Mythology from the Heart of Africa – The Mwindo Epic

Several myth cycles have been featured here before, most often the Cthulhu Mythos, of course, but there have also been mentions of Norse Mythology and more recently the Epic of Gilgamesh. Now it is time for some mythology that is often, sadly, ignored by most:

African mythology.

The fact that African mythology is often ignored in cultural studies is tragic, since this continent offers an astoundingly divers and rich treassure of tales that, due to the nature of human origin, go back longer than anywhere else on earth.
Here is one great example of African mythology: The Mwindo Epic, a tale by the Nyanga people of the Congo:



Also of note is the way the epic is traditionally told (this is according to the Wikipedia, so accurracy may be flexible):

The Mwindo Epic varies from typical oral myths in that it is not only spoken, but performed among gatherings of locals. The myth is performed mostly by a single bard wielding a calabash made into a rattle and donning various bells and other forms of noisemakers. To tell the story properly the bard acts out all the parts and does not refrain from being very animated in his dances and acting. It is not unusual for the bard to throw in some narrative not native to the story detailing his own life and his own personal experiences. The narrator is usually accompanied by four younger men who play on a percussion stick.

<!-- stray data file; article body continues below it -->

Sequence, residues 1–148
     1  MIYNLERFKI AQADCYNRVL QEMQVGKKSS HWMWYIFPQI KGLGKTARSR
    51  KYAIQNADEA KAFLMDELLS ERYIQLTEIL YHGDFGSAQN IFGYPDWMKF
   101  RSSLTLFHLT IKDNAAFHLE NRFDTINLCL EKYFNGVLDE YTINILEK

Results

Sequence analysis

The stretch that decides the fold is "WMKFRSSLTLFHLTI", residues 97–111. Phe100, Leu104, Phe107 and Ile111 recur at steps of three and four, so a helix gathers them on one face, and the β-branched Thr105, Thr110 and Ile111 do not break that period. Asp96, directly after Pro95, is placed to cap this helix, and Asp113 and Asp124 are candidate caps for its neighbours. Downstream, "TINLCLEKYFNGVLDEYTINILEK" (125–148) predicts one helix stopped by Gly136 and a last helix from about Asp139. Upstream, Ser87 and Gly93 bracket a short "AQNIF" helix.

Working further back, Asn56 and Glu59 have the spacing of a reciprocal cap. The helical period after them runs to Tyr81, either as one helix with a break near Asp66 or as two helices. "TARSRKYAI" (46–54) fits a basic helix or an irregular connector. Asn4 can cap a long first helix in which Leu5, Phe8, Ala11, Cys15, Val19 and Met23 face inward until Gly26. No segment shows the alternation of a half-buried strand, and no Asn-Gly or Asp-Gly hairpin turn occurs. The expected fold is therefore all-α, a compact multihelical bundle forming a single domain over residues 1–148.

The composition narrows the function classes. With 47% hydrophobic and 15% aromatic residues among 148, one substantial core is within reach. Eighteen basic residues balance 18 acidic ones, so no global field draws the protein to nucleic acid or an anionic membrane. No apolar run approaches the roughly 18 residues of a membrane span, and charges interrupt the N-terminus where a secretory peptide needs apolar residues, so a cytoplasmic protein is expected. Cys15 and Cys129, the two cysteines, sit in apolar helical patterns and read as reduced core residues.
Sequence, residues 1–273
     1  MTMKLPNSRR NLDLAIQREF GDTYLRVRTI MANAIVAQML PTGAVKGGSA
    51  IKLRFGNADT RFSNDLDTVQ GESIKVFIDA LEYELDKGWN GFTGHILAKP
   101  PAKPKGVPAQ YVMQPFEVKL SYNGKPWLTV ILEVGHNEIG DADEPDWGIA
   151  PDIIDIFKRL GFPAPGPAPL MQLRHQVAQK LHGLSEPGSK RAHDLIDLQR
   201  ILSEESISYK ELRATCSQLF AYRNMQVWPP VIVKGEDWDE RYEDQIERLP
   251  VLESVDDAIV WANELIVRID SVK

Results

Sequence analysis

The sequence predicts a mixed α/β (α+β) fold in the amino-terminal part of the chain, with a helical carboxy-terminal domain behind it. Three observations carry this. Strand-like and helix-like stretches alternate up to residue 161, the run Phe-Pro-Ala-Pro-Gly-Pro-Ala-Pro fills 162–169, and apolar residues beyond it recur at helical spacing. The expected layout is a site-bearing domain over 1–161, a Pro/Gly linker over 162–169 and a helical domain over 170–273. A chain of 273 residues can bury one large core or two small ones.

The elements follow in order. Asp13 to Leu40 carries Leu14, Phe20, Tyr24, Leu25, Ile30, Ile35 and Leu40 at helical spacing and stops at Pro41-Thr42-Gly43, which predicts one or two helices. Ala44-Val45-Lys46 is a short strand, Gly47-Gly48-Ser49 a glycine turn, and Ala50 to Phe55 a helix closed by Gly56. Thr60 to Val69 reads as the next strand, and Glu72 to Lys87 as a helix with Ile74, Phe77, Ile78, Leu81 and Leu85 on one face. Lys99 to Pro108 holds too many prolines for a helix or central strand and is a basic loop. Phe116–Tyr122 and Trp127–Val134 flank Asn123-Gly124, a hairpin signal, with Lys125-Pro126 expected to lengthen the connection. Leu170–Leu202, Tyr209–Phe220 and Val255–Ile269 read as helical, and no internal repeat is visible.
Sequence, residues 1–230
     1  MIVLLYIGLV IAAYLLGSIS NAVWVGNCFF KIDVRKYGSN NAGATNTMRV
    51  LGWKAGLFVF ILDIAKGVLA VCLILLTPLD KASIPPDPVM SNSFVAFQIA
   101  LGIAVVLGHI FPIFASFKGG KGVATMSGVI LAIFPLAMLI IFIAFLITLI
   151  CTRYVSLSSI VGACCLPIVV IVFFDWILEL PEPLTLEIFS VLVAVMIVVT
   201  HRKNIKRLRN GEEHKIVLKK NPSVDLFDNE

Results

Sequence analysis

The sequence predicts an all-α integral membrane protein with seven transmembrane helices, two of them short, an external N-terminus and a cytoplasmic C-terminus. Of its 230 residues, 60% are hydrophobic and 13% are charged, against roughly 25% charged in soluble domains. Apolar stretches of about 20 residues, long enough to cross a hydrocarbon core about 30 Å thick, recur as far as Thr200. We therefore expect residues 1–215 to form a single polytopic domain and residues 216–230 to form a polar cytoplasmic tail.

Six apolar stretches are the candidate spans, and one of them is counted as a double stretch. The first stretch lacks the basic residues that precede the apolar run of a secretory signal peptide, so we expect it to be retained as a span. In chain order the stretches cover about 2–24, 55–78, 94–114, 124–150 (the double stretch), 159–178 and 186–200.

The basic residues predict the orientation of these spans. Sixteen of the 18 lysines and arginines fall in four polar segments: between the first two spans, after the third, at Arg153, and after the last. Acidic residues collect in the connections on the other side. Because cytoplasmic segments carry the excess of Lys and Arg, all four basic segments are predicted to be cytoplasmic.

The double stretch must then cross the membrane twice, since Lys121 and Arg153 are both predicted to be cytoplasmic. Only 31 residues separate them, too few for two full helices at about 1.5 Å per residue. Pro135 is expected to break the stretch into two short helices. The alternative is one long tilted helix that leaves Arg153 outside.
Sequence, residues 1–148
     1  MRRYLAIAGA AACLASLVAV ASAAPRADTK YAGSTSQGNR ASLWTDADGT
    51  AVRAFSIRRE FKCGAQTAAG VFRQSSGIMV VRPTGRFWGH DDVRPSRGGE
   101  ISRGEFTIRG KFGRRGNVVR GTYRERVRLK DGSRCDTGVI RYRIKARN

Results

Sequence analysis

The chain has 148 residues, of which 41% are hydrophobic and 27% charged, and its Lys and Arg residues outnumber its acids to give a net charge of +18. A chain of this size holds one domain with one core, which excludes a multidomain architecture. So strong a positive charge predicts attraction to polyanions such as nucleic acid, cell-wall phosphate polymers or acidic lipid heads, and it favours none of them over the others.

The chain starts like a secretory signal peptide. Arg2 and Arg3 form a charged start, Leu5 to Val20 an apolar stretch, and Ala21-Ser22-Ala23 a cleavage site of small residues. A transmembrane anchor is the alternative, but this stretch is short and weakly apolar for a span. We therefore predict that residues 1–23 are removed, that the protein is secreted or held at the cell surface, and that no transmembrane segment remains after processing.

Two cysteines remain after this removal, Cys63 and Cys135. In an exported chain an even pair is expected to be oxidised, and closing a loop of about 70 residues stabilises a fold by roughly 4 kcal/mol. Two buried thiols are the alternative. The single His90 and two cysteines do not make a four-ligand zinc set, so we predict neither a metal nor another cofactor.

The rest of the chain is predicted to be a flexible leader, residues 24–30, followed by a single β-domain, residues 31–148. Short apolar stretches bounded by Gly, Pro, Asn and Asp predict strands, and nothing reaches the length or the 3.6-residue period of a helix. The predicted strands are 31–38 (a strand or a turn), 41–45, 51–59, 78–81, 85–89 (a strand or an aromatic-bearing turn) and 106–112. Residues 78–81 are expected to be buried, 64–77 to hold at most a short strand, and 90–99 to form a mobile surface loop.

Audience participation is important. The audience will often sing along with the narrator and the percussionists during the songs, and repeat certain lines of the story while the narrator pauses between sections. The bard is often shown appreciation by the audience with applause, yells, and gifts.